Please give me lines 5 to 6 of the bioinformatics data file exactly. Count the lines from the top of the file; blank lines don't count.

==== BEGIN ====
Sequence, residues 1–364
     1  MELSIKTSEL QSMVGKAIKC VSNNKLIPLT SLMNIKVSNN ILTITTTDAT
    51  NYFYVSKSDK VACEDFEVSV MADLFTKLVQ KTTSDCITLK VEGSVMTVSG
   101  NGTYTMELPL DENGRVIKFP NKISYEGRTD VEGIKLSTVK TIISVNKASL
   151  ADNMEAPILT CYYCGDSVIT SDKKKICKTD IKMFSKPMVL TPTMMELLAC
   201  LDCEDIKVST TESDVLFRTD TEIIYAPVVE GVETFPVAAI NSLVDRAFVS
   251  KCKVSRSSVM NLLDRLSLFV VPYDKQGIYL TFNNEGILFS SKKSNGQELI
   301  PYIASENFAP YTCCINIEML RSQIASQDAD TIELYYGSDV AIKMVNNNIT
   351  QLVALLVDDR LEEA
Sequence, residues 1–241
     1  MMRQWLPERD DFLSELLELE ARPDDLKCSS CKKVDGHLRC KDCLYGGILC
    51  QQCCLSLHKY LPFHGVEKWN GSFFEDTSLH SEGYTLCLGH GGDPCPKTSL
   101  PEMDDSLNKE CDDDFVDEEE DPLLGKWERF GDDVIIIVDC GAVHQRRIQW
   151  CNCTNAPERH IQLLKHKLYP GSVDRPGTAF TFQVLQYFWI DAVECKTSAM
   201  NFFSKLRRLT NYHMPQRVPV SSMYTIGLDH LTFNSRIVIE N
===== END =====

   151  ADNMEAPILT CYYCGDSVIT SDKKKICKTD IKMFSKPMVL TPTMMELLAC
   201  LDCEDIKVST TESDVLFRTD TEIIYAPVVE GVETFPVAAI NSLVDRAFVS